Like American Well, San Francisco-based Doctor on Demand started out as a direct-to-consumer app. It soon moved on to selling the service to employers and health plans, which spurred health systems to begin using its virtual approach to care.
While American Well's clients largely use their own doctors with occasional supplementation by the company's external network, Doctor on Demand touts its employed group of physicians as a way for overworked health systems to unload their burden.
The company's full time, specially-trained doctors work in paid shifts so there's always a physician on call for patient virtual visits. Tong said fragmented care isn't an issue. “I see us offering enhanced access to those patients and being able to send you with your record back to your doctor,” he said.
Today, 63% percent of healthcare providers use telehealth in some way, according to a 2016 survey by telehealth software startup Avizia. Many of them are responding to the shift towards value-based care and are looking for efficient, low-cost ways of taking care of common conditions, said Teladoc CEO Jason Gorevic.
While employers and health plans still make up the most of Purchase, N.Y.-based Teladoc's business, the work it does in the provider space is growing rapidly, Gorevic said. Teladoc works with more than 120 health systems or hospitals. A year ago, it had just 60 clients.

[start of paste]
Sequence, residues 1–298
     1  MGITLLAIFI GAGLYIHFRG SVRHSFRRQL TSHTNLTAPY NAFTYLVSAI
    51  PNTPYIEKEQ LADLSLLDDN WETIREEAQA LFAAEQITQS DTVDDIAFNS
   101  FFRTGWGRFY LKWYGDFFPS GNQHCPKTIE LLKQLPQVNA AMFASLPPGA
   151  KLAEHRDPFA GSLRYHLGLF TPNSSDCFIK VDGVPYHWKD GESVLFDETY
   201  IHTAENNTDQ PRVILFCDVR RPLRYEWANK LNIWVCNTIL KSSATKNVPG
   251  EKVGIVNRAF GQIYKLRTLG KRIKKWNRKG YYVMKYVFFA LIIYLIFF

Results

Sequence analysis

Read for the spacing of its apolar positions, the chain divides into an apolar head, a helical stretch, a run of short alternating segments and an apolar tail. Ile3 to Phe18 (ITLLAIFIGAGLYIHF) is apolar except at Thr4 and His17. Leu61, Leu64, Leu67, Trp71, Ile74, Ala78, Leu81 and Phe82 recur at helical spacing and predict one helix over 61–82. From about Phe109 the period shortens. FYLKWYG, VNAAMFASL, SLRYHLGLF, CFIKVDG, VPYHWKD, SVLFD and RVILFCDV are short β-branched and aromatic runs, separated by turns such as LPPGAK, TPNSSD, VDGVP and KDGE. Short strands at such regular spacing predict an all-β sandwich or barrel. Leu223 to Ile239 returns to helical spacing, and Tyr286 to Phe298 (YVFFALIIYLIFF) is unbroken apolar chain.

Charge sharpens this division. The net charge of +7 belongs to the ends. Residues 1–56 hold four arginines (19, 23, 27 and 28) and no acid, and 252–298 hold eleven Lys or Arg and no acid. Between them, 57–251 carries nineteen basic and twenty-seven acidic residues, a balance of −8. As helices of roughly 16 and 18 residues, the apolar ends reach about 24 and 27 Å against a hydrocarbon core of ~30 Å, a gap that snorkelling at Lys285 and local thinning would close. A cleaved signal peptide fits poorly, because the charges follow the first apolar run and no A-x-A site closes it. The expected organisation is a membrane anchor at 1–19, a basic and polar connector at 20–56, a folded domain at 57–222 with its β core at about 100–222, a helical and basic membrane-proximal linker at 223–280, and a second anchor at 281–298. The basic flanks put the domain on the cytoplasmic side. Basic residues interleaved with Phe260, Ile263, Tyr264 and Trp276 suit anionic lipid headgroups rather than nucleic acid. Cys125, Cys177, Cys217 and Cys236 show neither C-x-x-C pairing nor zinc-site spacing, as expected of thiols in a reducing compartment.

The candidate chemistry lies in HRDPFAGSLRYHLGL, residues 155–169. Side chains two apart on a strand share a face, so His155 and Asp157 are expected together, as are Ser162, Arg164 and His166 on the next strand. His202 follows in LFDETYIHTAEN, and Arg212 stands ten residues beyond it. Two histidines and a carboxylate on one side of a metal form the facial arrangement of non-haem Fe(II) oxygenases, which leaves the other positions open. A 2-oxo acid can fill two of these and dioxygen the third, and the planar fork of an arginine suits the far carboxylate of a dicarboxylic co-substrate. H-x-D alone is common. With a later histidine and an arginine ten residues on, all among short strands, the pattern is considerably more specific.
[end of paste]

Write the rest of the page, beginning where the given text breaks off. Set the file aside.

Some, like Neptune, N.J.-based Meridian Health, are using Teladoc's technology to care for low-acuity conditions. Others, such as Jefferson Health in Philadelphia, are delivering post-discharge care to patients to cut down on hospital readmission rates.
Most of Teladoc's provider clients use their own physicians to staff the virtual care platform. But some also take advantage of Teladoc's network of 3,000 independent physicians to ensure access for their patients at all hours, Gorevic said. The majority of visits are conducted over the phone, but patients have the option to select a video visit.
Sunrise, Fla.-based MDLive is in a similar position. Most of its business is focused outside of the provider realm, split between Fortune 1000 businesses offering telehealth to their employees and health plans offering access to plan members. A year and a half ago, most health plans didn't reimburse for virtual visits, said MDLive's CEO Scott Decker. Now they do, and they're offering access to providers like MDLive as a benefit.
The fastest growing part of MDLive's business is the work it does with health systems, Decker said. The company provides its telehealth platform to about 15 systems, including Sutter Health in Sacramento and Trinity Health in Livonia, Mich.
Ninety percent of MDLive's visits—it now does 1,200 a day, compared with 700 a day just four months ago—are conducted by telephone. The rest are video visits. MDLive contracts with 1,500 physicians across the nation to deliver care. Its doctors run the gamut from internists to emergency physicians to hospitalists. Some see a few MDLive patients a week in between their day jobs. Others are professional telehealth physicians who only see patients remotely, Decker said.
“I think we are about to explode,” in growth, Decker said. And while low-acuity care dominates telehealth now, chronic care management is next big thing. “We're just on the cusp of that.”